In the second podcast of NepaliEngineer we discuss the possibility of seismic microzonation. The question was to prepare a map so that a person can know the seismicity of the place while purchasing or building a structure. We discuss the possibility of having such a map by the government. In the course of the preparation for the podcast, I had collected various hazard maps and concluded:
- although the hazard maps are good for research purpose, they don’t serve as a guideline when making land purchases for residential purpose.
- there is no consistency between different hazard maps prepared by different authorities (see the papers below).
- these maps can not be reliable during earthquake.
In the podcast, I discuss about the difficulty in producing a reliable earthquake hazard map useful for land use management.
Some other documentations I found in a quick search include:
- Preliminary Study For Evaluation Of Earthquake Risk To The Historical Structures In Kathmandu Valley (Nepal); by Sudhir R. Shrestha, Madan B. Karkee, Carlos H. Cuadra, Juan C. Tokeshi, and S. N. Miller; at World Conference on Earthquake Engineering, Vancouver, B.C., Canada, August 1-6, 2004 (download link, pdf)
- Earthquake Risk of Kathmandu Valley, a presentation of National Society for Earthquake Engineering (undated) (download link, pdf)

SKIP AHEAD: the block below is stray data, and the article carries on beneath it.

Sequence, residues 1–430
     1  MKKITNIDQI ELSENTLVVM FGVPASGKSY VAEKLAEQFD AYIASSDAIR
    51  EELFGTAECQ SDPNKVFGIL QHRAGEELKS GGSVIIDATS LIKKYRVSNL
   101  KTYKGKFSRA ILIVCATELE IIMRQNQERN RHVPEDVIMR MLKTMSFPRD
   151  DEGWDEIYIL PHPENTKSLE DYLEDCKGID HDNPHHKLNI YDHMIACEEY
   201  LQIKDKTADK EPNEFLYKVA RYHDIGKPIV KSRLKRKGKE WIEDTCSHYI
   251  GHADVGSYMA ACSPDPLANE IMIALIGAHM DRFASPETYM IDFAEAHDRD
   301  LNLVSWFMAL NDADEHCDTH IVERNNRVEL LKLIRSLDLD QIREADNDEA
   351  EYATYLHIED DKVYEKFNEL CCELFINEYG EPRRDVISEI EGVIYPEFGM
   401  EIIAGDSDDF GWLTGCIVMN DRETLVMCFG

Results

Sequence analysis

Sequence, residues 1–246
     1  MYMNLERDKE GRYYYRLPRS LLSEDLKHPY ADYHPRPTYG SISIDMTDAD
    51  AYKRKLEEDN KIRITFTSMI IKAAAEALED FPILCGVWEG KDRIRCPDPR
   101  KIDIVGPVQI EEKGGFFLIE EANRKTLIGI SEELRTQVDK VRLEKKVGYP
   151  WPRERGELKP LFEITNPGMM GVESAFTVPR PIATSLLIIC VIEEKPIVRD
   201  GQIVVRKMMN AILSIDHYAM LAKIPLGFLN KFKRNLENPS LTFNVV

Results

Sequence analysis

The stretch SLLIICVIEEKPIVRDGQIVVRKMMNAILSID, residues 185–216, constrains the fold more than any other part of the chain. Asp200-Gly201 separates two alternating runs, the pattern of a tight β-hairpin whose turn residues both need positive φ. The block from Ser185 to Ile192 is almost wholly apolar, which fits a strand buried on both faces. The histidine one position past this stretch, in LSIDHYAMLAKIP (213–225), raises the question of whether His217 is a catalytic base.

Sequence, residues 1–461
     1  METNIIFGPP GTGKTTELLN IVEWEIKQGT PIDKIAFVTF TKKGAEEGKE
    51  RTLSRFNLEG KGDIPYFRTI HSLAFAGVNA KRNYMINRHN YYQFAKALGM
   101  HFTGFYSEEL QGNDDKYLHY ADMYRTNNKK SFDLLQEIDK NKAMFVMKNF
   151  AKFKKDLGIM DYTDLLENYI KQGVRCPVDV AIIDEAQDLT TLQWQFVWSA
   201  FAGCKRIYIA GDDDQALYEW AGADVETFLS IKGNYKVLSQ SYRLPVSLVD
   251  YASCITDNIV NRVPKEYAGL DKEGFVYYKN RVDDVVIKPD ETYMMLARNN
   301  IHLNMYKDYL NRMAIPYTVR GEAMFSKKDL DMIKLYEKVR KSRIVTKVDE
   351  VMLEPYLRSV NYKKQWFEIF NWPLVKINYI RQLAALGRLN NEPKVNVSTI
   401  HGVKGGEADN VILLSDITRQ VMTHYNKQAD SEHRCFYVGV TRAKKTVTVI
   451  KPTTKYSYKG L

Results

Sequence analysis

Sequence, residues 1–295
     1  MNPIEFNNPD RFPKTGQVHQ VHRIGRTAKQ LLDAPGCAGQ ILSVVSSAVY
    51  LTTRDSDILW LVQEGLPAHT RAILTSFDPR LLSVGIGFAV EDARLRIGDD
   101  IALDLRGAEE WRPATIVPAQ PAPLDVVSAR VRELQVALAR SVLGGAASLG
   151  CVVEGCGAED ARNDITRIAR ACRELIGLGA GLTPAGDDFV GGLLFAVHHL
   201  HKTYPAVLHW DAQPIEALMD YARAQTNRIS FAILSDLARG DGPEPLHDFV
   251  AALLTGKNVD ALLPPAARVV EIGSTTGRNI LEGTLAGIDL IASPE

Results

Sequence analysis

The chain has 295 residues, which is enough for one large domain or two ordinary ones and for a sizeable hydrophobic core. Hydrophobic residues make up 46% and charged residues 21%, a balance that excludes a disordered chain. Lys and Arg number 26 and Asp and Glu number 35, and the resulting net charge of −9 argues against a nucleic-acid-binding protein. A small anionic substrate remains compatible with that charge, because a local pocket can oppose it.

- Soil Liquefaction Potential in Kathmandu Valley; by M. Subedi, K. Sharma, B. Upadhayay, R.K. Poudel and P. Khadka; in International Journal of Landslide and Environment (2013), 1(1), 91-92.
- Liquefaction Hazard Mapping; by Manish H. Sharma and C.H. Solanki; in International Journal of Civil Engineering and Technology (IJCIET),January- February (2013)
- Liquefaction Potential Analysis of Kathmandu Valley; by Ramesh Neupane and Kiichi Suzuki (download here, pdf)
- A Quick Report on the 2015 Gorkha (Nepal) Earthquake and its Geo-Engineering Aspects; by Omer Aydan and Resat Ulusay, 2015 (Download here, pdf)
Structural Engineer RR Parajuli suggested the following liquefaction hazard map prepared by OCHA in 2008 based on the data of 1993.
— R R Parajuli (@rrp447) May 21, 2015